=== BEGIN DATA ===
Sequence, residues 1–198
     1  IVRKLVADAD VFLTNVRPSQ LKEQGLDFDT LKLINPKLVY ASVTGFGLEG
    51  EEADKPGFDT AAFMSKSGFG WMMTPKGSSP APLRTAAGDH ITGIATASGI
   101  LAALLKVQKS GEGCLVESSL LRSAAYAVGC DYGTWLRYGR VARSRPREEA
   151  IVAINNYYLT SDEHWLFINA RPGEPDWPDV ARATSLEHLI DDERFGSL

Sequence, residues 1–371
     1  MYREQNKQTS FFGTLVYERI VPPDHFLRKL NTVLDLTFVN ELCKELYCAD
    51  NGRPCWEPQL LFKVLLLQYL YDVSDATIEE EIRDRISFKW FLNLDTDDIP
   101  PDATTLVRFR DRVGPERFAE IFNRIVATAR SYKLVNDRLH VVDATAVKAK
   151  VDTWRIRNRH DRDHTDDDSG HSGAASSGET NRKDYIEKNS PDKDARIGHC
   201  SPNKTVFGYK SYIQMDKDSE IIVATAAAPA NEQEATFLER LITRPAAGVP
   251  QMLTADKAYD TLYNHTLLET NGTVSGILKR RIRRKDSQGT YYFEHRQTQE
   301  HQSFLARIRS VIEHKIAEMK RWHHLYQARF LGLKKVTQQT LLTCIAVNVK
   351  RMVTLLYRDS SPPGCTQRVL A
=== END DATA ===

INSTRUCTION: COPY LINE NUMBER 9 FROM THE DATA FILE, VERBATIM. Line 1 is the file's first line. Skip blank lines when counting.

   101  PDATTLVRFR DRVGPERFAE IFNRIVATAR SYKLVNDRLH VVDATAVKAK